Dear USM Community,
I was not aware that the Dalai Lama tweeted. The very thought of it underscores the technologically anemic — and tweet-free — approach I take with my own personal communications. The spiritual leader’s 280-characters-or-less message also challenged my assumption that tweeting is done primarily to disparage adversaries, push personal agendas, and insult those unconvinced of our perfect perspectives on the world.
In the tweet that came to me this morning by way of my good friend David, the Dalai Lama prescribed a simple, straightforward approach to happiness and peace: "Honest concern for others is the key factor in improving our day-to-day lives. When you're warm-hearted, there is no room for anger, jealousy, or insecurity. A calm mind and self-confidence are the basis for happy and peaceful relations with each other.”
A darn good message, regardless of the medium. And a powerful reminder for me, in this week's Missive, to point out how honest concern for others lies at the heart of what we do at USM:
1. I’m grateful to USM’s Student Government Association for offering to let me sit in on their bi-weekly meeting the other day. I watched them carefully deliberate several crucial issues that benefit our students and the university as a whole, while doing so in a way that encourages and welcomes a new and diverse set of senators to represent all USM students.
2. This past week, our Health Services and Residential Life teams received powerful affirmation for how they are supporting students when they received this feedback from an advisor of a student who had been in quarantine: Although the student was scared at first, both she and her parents said they thought everything that was done to care for her — from the van ride to quarantine housing, to the arrangements for meals, etc. — made her feel really supported and cared for throughout the experience. Everyone did a great job. For the latest counts at USM and other System campuses, please see the daily announcements on the Together for Maine website. You can also find aggregated test result data on the System’s COVID-19 Testing Summary dashboard. (Scroll down a bit at the link to see the dashboard.)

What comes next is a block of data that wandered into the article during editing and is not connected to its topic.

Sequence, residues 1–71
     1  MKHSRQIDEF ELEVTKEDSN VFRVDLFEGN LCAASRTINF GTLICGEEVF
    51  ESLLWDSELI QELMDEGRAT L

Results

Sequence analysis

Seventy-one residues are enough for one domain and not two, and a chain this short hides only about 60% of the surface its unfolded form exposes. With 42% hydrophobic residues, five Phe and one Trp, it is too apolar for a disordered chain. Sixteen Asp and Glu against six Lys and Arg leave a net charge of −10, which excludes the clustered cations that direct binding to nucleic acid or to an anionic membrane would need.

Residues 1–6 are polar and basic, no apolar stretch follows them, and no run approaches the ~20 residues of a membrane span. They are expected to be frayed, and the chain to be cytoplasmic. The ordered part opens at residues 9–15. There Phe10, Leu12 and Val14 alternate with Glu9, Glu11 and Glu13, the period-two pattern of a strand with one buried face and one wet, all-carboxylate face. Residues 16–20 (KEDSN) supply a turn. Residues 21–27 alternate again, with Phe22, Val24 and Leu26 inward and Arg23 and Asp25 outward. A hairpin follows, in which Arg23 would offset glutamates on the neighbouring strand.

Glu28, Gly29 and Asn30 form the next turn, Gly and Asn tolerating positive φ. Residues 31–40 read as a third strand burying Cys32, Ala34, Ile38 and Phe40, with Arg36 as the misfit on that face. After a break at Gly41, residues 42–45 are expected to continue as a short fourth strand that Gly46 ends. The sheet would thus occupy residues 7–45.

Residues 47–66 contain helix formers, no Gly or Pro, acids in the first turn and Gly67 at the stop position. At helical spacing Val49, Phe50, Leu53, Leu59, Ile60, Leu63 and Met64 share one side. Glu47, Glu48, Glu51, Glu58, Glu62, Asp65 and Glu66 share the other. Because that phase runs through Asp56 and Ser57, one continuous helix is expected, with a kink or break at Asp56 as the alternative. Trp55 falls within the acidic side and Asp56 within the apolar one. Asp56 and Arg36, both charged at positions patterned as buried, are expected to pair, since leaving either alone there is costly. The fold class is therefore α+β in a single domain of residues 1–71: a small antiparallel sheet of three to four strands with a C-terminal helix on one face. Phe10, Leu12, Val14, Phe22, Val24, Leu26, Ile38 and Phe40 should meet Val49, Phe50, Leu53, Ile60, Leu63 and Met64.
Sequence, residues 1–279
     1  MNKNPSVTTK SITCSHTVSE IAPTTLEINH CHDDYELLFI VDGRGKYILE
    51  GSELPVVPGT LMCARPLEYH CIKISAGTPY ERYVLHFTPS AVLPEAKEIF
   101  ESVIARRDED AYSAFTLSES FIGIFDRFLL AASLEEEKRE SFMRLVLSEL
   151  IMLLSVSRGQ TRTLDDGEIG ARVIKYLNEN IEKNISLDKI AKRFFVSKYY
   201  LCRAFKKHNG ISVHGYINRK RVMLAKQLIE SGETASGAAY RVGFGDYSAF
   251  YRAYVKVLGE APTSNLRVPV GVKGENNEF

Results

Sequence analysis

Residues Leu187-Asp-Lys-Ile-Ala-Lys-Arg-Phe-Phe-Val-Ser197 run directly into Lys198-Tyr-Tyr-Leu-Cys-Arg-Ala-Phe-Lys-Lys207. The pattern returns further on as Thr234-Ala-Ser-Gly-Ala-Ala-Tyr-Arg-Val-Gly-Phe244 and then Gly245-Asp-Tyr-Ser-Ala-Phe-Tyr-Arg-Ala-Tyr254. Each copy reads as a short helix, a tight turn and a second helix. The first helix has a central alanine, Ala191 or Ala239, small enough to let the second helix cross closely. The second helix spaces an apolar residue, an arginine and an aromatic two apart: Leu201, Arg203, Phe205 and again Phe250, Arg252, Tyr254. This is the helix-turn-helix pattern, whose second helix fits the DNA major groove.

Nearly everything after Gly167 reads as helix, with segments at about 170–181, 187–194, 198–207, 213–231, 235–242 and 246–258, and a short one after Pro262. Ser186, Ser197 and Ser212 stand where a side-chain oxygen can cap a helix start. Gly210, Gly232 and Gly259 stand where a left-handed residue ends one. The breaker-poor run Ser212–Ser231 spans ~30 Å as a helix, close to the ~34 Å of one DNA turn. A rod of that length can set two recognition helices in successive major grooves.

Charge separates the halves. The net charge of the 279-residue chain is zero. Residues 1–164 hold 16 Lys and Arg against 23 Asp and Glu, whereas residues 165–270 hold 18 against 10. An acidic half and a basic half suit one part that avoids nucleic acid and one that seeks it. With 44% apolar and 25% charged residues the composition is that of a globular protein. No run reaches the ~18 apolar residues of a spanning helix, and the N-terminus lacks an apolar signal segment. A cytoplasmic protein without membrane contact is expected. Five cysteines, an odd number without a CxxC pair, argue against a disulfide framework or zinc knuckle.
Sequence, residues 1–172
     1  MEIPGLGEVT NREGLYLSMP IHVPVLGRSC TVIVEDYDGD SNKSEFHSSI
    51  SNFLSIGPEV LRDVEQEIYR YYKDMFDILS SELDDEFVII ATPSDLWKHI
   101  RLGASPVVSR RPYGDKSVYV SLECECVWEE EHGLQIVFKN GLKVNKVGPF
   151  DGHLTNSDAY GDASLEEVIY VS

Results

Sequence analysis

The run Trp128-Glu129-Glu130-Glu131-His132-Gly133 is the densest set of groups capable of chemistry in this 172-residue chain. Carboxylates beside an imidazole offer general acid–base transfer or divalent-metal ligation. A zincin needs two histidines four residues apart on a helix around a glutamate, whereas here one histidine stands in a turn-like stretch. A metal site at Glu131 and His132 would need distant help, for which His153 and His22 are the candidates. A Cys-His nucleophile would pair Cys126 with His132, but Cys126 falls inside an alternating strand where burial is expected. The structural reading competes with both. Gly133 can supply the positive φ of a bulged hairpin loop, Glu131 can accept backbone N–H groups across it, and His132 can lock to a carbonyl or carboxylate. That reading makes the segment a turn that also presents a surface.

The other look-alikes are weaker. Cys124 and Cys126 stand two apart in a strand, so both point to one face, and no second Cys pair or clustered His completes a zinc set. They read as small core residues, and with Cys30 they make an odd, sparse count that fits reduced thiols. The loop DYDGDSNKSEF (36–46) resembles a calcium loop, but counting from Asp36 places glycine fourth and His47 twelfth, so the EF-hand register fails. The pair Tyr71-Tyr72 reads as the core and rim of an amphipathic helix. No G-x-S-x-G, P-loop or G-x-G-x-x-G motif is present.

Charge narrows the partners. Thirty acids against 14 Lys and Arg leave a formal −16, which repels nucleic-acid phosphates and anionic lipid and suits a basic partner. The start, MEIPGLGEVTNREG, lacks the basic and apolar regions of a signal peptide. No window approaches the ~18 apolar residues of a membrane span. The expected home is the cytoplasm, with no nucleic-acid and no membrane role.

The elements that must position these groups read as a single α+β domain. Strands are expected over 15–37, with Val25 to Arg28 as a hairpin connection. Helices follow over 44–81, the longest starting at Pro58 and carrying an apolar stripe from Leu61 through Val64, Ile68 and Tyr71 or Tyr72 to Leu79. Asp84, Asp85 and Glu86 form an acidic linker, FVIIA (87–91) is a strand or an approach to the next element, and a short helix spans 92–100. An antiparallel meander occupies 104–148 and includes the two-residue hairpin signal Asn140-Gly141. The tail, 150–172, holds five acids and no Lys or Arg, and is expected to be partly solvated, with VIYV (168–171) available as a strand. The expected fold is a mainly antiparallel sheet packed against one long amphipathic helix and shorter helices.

3. Unified Accreditation throughout the University of Maine System has allowed USM to garner a new program — Elementary Education — through an initial vote of the Board of Trustees Academic Affairs Committee. While USM has always offered the ability to be certified as an elementary educator, we had not officially offered the degree for several decades. My deepest thanks to Professors Flynn Ross and Andrea Stairs-Davenport, Dean Jo Williams, and Provost Jeannine Uzzi for their successful shepherding of the process.
4. I’m pleased and proud to report that US News and World Reports’ just-released college rankings highlight USM’s place among the top public universities in the Northeast. In particular, the prestigious rankings shine a light on the strength of our engineering programs and the degree to which our graduates realize upward social mobility as a result of receiving a USM education. For social mobility, US News and World Report gauges the graduation rates of students who receive federal Pell Grants. Students receiving these grants typically come from households whose family incomes are less than $50,000 annually, though most Pell Grant money goes to students with a total family income below $20,000. I see these rankings as evidence of how academic excellence and affordability continue to be hallmarks of the USM educational experience.
5. The challenges of the pandemic may compromise our ability to see the good around us, feel gratitude, and find the energy to celebrate. But that’s all the more reason we shouldn’t miss an opportunity to commemorate important milestones. Especially if you feel the need to experience a little joy, I encourage you to see this beautiful video of the late-August Nursing Pinning Ceremony featuring remarks by Class Marshalls Lisa Hale and Serena Wade. In the first-of-its-kind ceremony for USM, students in individual vehicles formed a parade around the Gorham Campus and, one by one, drove up to stations in front of the Costello Sports Complex, where they received their pins, diplomas and congratulations from faculty and staff. Despite the pouring rain, having the opportunity to personally acknowledge each of our accelerated Bachelor of Science in Nursing graduates in these circumstances was one of the highlights of the year for me.